A bare car chassis exposing General Motors' (GM) Ultium Battery

The Honda, GM, and Isuzu connection in the near-future of EVs, fuel cells

General Motors (GM) and Honda are teaming up to develop two all-new electric vehicles (EVs) for Honda. These EVs will be based on GM’s highly flexible global EV platform powered by the proprietary Ultium batteries. In the collaboration, Honda will exclusively design the exteriors and interior of these new EVs. Also, the platform will be engineered to support Honda’s driving character.

When it comes to production, these Honda EVs will be manufactured at GM plants in North America and will have combined development expertise of both companies. Come 2024, sales are expected to begin carrying that model year in Honda’s US and Canadian markets.

The relationship between these two automakers has been ongoing in their electrification projects. For one, it includes developments on fuel cells and the Cruise Origin—an electric, self-driving and shared vehicle, which was revealed in San Francisco earlier this year. On the part of Honda, it also joined GM’s battery module development efforts in 2018.

“This collaboration will put together the strength of both companies, while combined scale and manufacturing efficiencies will ultimately provide greater value to customers. This expanded partnership will unlock economies of scale to accelerate our electrification roadmap and advance our industry-leading efforts to reduce greenhouse gas emissions. We are in discussions with one another regarding the possibility of further extending our partnership,” said Rick Schostek, executive vice president of American Honda Motor Co Inc.

“This agreement builds on our proven relationship with Honda and further validates the technical advancements and capabilities of our Ultium batteries and our all-new EV platform,” said Doug Parks, GM executive vice president of Global Product Development, Purchasing and Supply Chain.

“Importantly, it is another step on our journey to an all-electric future and delivering a profitable EV business through increased scale and capacity utilization. We have a terrific history of working closely with Honda, and this new collaboration builds on our relationship and like-minded objectives,” Parks added.

Now, part of the agreement in jointly developing EVs, Honda will integrate GM’s OnStar safety and security services into the two EVs while also seamlessly integrating them with HondaLink. Additionally, Honda plans to make GM’s hands-free advanced driver-assist technology available.

Joint research on fuel cell-powered trucks

Early this year, Honda R&D Co Ltd, a research and development subsidiary of Honda Motor Co Ltd, signed an agreement with no other than Isuzu Motors Limited to commence joint research on heavy-duty trucks to be powered by fuel cells (FCs). This joint venture has both automaker’s expertise on the table and would eventually change the trucking landscape when it comes to promoting zero-emission. 

Considering the demand when it comes to reducing exhaust gas/carbon emissions from mobility products, this project would add to the efforts in addressing the ongoing global challenge of reducing humanity’s environmental footprint. On the energy security standpoint, meantime, the industry is required to take initiatives to promote the utilization of renewable energy.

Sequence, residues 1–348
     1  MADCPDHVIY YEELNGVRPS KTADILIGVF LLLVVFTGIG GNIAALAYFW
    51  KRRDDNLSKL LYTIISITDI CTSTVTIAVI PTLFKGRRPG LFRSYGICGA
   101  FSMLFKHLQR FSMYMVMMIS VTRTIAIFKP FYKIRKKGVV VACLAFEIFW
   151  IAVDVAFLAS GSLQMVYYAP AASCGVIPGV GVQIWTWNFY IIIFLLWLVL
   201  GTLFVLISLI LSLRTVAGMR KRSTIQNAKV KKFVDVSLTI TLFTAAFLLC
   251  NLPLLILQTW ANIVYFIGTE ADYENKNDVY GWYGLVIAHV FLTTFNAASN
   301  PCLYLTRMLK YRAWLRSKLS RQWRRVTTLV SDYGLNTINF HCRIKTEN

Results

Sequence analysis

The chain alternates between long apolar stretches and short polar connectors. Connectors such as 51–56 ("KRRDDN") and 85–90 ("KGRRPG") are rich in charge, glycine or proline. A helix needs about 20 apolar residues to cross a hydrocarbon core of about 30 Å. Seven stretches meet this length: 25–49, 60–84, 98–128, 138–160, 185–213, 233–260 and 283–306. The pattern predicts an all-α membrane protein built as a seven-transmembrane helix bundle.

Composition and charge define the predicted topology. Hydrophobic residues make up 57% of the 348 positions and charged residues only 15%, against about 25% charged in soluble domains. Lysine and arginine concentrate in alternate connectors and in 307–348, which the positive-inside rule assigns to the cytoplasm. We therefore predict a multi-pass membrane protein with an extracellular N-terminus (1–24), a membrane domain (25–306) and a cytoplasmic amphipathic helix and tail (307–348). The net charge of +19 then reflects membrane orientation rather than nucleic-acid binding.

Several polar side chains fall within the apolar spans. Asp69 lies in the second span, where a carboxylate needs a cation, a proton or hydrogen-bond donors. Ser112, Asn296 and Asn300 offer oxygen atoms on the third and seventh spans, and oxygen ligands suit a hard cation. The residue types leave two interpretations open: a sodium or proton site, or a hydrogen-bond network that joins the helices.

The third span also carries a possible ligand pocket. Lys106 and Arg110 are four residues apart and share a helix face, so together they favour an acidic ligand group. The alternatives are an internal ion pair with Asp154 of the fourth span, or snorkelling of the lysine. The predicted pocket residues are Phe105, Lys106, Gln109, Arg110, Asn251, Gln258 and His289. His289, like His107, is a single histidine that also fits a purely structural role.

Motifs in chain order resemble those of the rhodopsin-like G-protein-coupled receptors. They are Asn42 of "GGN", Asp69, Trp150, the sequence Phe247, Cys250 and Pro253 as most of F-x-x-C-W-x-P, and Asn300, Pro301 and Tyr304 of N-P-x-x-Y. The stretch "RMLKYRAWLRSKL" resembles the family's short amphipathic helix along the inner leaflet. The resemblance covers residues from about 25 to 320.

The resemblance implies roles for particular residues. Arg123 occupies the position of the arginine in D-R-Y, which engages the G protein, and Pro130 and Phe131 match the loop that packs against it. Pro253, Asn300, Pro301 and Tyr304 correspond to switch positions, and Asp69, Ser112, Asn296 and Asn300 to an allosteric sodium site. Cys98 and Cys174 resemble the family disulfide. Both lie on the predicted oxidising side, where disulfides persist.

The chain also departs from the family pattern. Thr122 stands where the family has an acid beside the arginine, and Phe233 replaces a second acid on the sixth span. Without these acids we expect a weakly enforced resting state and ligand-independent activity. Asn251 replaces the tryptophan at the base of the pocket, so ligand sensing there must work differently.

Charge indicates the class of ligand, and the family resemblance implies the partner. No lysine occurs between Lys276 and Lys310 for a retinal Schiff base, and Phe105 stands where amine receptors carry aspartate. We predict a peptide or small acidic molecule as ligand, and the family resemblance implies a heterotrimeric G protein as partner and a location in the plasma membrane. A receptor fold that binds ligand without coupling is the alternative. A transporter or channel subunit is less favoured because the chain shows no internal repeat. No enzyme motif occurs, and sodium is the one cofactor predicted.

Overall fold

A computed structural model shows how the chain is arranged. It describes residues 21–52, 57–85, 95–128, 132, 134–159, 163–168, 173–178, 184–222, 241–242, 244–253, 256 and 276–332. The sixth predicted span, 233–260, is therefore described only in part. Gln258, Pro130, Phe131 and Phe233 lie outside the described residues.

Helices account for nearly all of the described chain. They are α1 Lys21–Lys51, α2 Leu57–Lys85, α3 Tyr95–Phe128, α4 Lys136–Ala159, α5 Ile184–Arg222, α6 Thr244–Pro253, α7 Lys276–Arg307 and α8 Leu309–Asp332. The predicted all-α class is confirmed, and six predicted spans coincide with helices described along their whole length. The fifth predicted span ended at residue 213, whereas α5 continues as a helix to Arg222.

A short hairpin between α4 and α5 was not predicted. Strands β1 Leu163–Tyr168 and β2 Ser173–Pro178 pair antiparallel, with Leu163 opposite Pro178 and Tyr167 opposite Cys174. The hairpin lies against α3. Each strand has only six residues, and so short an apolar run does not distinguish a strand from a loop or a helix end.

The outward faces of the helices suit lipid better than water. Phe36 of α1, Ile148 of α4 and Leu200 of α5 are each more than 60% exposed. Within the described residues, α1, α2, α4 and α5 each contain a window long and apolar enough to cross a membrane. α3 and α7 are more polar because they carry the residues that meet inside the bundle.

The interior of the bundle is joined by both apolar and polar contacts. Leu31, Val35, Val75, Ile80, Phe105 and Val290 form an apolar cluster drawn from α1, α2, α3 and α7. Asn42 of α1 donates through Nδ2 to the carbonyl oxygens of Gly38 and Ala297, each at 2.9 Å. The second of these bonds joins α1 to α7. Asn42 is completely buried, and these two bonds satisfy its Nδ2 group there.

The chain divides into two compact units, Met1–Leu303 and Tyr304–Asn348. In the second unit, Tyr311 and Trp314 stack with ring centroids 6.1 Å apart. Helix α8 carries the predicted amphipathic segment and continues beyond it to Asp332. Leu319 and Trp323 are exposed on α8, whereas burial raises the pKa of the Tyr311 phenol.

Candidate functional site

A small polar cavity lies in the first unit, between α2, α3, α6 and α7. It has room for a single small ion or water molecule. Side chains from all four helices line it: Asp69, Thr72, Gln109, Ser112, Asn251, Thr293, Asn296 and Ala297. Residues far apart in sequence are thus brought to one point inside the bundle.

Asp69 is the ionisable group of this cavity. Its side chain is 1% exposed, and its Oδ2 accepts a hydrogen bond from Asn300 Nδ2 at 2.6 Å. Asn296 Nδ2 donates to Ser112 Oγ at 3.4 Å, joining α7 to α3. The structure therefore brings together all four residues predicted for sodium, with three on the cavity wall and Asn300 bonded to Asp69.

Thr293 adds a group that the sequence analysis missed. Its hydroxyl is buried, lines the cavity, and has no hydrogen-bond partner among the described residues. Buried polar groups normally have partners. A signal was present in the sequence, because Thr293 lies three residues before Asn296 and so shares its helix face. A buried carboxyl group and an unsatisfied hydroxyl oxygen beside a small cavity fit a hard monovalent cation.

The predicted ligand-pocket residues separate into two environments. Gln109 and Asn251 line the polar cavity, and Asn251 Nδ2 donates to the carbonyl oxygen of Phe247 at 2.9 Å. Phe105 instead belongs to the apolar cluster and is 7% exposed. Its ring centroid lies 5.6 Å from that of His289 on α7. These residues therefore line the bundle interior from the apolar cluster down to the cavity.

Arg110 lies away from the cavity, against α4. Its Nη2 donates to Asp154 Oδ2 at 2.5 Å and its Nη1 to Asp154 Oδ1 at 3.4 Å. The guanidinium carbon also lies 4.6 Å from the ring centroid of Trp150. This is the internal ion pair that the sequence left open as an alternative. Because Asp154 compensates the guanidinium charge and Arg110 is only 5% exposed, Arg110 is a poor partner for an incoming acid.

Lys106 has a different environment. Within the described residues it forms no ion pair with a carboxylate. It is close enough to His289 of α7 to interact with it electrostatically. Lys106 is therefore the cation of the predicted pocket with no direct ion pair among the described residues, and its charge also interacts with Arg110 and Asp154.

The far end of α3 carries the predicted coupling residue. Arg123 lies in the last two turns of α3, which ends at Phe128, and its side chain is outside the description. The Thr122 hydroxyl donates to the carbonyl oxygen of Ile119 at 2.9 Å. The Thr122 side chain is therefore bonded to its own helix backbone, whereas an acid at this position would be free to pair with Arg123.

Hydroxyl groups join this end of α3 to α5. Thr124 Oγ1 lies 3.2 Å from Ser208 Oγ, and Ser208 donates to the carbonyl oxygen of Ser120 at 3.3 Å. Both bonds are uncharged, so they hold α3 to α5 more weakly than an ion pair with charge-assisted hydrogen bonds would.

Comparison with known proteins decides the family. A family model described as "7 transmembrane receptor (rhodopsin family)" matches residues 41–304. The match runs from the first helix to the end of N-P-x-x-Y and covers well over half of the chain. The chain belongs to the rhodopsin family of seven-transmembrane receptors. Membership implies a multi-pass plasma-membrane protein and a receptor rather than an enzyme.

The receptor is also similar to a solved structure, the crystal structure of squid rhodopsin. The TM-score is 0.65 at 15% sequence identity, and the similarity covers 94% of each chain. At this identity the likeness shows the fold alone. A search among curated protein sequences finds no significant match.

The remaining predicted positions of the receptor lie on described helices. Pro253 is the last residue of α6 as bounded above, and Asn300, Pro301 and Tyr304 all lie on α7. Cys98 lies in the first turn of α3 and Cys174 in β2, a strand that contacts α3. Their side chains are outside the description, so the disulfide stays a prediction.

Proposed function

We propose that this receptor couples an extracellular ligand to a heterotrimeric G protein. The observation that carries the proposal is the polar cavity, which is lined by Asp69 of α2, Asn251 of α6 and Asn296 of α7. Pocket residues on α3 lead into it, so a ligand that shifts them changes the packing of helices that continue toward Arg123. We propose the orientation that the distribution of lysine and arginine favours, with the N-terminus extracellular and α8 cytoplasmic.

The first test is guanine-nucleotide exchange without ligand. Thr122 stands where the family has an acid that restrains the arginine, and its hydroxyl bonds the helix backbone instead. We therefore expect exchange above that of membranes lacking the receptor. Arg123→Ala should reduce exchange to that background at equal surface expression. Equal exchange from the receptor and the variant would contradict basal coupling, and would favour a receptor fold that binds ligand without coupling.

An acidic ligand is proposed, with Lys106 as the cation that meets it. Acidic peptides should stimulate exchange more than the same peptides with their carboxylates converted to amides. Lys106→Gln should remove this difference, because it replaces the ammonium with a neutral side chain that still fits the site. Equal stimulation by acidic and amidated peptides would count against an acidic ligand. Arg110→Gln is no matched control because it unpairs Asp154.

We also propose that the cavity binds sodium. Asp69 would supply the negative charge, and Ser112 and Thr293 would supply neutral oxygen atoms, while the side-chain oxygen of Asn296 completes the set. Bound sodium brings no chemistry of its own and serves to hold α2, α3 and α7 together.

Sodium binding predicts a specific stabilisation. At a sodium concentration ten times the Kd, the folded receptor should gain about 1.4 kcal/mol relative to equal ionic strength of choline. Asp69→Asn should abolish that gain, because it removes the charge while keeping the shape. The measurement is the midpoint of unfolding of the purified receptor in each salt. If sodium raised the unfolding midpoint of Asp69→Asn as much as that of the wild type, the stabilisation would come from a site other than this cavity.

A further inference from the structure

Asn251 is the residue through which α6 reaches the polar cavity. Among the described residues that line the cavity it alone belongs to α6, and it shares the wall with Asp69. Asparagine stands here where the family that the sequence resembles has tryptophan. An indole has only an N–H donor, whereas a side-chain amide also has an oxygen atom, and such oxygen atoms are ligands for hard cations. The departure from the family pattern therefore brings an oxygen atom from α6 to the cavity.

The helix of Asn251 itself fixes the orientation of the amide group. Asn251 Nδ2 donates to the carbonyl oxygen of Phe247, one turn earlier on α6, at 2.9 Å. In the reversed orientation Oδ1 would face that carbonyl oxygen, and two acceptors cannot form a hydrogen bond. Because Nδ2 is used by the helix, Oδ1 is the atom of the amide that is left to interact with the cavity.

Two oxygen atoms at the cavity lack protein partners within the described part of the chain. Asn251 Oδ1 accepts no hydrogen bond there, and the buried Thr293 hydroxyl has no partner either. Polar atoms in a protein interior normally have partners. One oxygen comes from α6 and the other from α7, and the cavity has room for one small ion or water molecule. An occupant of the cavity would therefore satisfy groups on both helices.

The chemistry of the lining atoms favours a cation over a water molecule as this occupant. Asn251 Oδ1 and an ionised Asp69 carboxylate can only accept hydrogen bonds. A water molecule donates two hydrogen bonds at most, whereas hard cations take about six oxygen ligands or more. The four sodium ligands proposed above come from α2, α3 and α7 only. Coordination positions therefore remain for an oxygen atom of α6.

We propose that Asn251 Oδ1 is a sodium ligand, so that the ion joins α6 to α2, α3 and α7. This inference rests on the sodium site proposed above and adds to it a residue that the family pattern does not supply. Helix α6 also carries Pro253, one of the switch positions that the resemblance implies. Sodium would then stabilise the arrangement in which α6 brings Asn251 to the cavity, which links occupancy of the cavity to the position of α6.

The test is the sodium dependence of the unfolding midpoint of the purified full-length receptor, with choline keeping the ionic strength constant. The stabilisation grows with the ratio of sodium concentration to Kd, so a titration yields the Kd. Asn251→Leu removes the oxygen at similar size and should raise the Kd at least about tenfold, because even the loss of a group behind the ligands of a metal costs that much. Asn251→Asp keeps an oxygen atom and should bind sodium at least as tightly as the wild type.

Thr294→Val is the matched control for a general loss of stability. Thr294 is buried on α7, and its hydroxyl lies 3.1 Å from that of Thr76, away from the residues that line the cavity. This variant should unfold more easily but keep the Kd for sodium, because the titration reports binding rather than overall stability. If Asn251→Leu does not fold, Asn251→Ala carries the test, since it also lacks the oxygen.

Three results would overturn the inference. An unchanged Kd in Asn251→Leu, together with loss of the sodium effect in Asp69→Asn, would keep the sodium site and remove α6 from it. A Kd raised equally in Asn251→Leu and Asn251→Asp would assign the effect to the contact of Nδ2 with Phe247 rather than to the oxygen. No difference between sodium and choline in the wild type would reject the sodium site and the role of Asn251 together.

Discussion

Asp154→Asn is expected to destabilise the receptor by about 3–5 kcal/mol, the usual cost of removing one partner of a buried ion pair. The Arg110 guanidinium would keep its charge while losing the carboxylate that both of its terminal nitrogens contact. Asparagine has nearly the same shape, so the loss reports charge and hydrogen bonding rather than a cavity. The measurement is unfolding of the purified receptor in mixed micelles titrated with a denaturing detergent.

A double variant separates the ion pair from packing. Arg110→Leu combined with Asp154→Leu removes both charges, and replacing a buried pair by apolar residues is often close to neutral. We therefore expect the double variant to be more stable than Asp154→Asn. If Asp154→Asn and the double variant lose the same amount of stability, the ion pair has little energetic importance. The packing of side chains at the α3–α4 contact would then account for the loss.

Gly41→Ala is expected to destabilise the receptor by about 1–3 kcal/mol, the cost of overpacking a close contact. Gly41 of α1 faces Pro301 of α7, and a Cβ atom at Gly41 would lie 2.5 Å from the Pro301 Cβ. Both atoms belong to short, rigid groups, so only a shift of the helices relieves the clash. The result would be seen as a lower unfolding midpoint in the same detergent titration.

Under these circumstances, as a commercial vehicle manufacturer committed to supporting transportation, Isuzu has been striving to promote the use of low-carbon and sustainable energy.

Isuzu, for its part, has been researching and developing various powertrains including clean diesel engine, engines for natural gas vehicles (NGV) and EV powertrains, which accommodate a broad range of customer needs and how vehicles are used. Honda, on the other hand, has been working and promoting a carbon-free society in addition to hybrid and battery electric vehicles. Honda has been researching and developing fuel cell vehicles (FCVs), the ultimate environmental technology, for more than 30 years.

However, there are still some issues that need to be addressed to popularize the use of FC and hydrogen energy, including matters related to cost and infrastructure. It is essential to address these issues not only by individual companies but more expansively through industry-wide initiatives.

Both Isuzu and Honda say they continue to strive to expand their powertrain developments, next-generation engines for heavy-duty trucks and application of FC technologies beyond use for passenger vehicles. The use of FC technology will represent progress toward the realization of a hydrogen society. It was at these common technological research goals that the two companies reached an agreement to conduct joint research on FC-powered heavy-duty trucks.

Taking advantage of the respective strengths each company has amassed over a long period, the two companies say they will strive to establish the foundation for technologies such as FC powertrains and vehicle control. Moreover, through this joint research, not only will the two manufacturers’ customers start to experience clean, low-noise, low-vibration heavy-duty trucks, these manufacturers will also promote extensive discussions in the industry.

This joint effort will promote the use of FC trucks and hydrogen energy that can contribute to the future success of the logistics industry, as well as all other businesses. (Honda Motor Co Ltd, General Motors, Isuzu Motors Limited; photo credits—Honda Motor Co Ltd, General Motors)